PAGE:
To Bala and Back

Saturday 4th May 2019

A lot of time has passed since my most recent trip to Snowdonia. Or, to look at it another way; it was only two months ago and the average daily temperatures have risen by nearly 200%!

It was another weekend away with Brunel Walking Group, to make the most of the early May Bank Holiday Weekend. Most of us pitched up in mid/north Wales on the Friday night. Saturday was the first day in which group walks were available.

One was too short for my liking, while the other involved a good hour’s drive to the Carneddau, the morning after snow had fallen upon the Welsh mountains and with a forecast ‘feels like’ temperature not greater than -11°C at midday!! I’ve been meaning to visit the Carneddau since exploring the Glyderau in July 2018. But to travel that distance and brave those conditions just for the sake of being there… I decided to stay closer to our home for the weekend.

In fact, the walk I went on set from the camp site we stayed at: Bwch-yn-Uchaf in the village of Llanuwchllyn, with Bala Lake (Llyn Tegid) no more than a stone’s throw away.

Our destination was the edge of Bala, a few miles north-east of our tents. To get there, we’d follow a route across the hills to the south-east of the lake and overlooking the expanse of water.

Aran Fawyddwy was a sight that would haunt me across the weekend. Clearly visible from the campsite, on a routine walk to the showers and ‘luxury’ toilet block. Standing tall and snow-capped in the background of this particular walk. At 905m above sea level, it’s higher than any point of the Brecon Beacons.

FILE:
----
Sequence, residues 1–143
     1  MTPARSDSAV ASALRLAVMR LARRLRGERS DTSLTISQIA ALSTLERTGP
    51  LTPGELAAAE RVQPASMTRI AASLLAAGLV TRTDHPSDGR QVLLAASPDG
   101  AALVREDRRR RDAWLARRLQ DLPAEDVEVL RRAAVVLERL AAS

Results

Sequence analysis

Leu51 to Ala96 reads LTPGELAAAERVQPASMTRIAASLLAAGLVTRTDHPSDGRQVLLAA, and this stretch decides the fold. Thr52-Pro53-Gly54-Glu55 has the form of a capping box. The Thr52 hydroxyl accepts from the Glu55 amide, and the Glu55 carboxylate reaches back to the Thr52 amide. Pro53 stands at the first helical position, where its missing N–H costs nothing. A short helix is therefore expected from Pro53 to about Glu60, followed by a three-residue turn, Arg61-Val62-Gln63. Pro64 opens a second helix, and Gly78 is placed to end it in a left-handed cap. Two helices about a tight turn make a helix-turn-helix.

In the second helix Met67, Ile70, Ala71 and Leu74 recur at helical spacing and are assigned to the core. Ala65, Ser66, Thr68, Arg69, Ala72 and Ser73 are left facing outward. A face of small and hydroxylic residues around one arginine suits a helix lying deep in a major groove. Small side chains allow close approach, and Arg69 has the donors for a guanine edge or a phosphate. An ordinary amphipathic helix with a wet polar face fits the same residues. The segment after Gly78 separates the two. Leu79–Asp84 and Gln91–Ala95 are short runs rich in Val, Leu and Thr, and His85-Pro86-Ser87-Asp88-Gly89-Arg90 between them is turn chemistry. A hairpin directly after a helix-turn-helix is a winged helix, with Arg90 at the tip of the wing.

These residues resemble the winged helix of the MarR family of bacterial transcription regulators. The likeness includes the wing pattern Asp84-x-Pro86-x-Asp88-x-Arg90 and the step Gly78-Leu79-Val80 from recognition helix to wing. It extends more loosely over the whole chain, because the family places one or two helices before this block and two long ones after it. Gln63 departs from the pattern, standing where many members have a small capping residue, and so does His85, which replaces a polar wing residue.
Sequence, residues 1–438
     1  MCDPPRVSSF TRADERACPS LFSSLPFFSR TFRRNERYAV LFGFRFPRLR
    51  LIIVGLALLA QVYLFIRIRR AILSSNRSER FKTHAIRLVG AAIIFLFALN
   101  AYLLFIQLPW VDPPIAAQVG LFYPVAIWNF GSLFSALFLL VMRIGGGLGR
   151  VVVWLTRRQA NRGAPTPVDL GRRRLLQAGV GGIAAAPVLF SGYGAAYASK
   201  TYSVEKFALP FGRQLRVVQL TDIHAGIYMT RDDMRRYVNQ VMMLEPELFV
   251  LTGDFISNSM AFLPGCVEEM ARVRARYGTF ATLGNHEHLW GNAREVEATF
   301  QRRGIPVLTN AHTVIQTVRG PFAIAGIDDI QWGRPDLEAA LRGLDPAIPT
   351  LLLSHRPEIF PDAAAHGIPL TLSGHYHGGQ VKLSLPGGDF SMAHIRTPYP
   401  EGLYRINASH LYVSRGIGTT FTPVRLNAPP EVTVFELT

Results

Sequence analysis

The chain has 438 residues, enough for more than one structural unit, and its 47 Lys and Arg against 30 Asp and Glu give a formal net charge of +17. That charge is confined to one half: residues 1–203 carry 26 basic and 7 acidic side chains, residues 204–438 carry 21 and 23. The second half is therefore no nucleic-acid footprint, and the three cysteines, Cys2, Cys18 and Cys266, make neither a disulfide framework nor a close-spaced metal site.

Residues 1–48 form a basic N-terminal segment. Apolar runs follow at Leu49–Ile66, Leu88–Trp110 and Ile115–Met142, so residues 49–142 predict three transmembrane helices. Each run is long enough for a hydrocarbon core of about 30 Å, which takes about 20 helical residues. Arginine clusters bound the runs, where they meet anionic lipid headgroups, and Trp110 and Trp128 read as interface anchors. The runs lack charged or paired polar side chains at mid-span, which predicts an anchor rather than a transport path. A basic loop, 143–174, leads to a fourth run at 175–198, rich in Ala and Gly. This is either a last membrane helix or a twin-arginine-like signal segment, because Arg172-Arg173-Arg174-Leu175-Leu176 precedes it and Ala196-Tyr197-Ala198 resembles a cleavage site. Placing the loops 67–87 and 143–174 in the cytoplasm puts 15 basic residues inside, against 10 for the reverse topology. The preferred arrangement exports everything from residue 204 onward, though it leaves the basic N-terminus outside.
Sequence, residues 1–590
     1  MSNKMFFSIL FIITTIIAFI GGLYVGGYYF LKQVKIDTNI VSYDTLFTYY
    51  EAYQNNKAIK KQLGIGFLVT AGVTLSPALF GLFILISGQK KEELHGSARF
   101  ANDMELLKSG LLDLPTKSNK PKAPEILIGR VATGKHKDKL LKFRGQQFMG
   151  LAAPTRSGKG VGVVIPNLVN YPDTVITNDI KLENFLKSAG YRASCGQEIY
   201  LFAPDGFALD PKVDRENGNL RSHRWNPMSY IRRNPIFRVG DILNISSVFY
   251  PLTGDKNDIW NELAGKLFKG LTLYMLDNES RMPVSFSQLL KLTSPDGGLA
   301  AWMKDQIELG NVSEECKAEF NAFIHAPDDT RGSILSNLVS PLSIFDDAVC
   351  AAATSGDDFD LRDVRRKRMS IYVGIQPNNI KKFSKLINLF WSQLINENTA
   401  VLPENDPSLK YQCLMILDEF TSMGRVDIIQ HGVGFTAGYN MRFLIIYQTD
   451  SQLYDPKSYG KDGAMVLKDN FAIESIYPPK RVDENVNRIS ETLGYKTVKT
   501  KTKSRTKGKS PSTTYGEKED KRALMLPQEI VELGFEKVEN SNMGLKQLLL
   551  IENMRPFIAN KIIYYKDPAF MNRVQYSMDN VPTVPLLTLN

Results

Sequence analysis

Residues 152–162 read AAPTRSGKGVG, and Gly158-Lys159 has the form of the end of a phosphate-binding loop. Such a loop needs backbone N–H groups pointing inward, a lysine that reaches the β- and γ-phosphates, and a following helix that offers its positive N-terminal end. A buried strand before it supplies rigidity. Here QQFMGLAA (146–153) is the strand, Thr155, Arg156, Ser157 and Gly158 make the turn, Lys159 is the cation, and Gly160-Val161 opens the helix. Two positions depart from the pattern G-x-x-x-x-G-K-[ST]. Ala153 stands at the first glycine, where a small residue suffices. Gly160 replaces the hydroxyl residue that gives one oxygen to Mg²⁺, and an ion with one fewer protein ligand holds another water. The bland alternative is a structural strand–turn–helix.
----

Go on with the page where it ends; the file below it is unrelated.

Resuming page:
Yes, it really did snow during our first night in Wales. Here, we were probably starting at the heart of Snowdonia and the Carneddau was in there somewhere. How were other members of our group faring? A good ten or twelve has set off that morning. Still, I held no regrets over my decision not to follow!

Mountains all around us, as we climbed one hill and crossed over to the next. I believe this is the Moelwyn range. Another familiar view from the campsite. I was out of my tent before 7am to capture it with a dusting on top. It wasn’t even mid-morning by now and it had all burnt away.

As for ‘The Aran’ (as it was said to me by a local in the pub on Sunday night)… When I was plotting walks and ideas for the next day in advance of this trip, I saw it on the map, recognised the name from other people’s photos and experiences but I didn’t research it. I decided to play it safe and go for a route elsewhere (my next blog post) that I’d already walked (…Most of). If I’m allowed one regret from this weekend, it’s that I didn’t climb Aran Fawddwy.

I had it in mind for a solo jaunt on the Monday (departure day) but, when I did the maths, I realised I was looking at a good two-to-three hours of ascent, following by the same to get down and back to my car, which would then be followed by a four-hour drive home… That’s without mentioned the ascent, close to 1,000m. I don’t like to rush or tire myself too much and I would need to be in work the next day.

Next time I visit Snowdonia (sometime in 2020, I hope), I’ll be looking to tick it off, along with the Carnedd Dafydd, Carnedd Llewellyn and perhaps Pen yr Ole Wen.

Other mountains visible from our sub-500m linear walk include Cadair Idris. One we conquered as a group in May 2017 and still, to this day, one of the best mountains I’ve climbed.

As for naming the hills and identifying the route we followed… I wasn’t paying close attention with the GPS on my phone or anything but, I’m quite certain we crossed Cefn Gwyn first of all. We may even have had our first break up there ahead of a challenging descent.

From the photos so far, you may notice that we were each wrapped up in an array of colourful windproof layers. I believe it was forecast to ‘feel like’ something above freezing. But it was still less than comfortable for us all.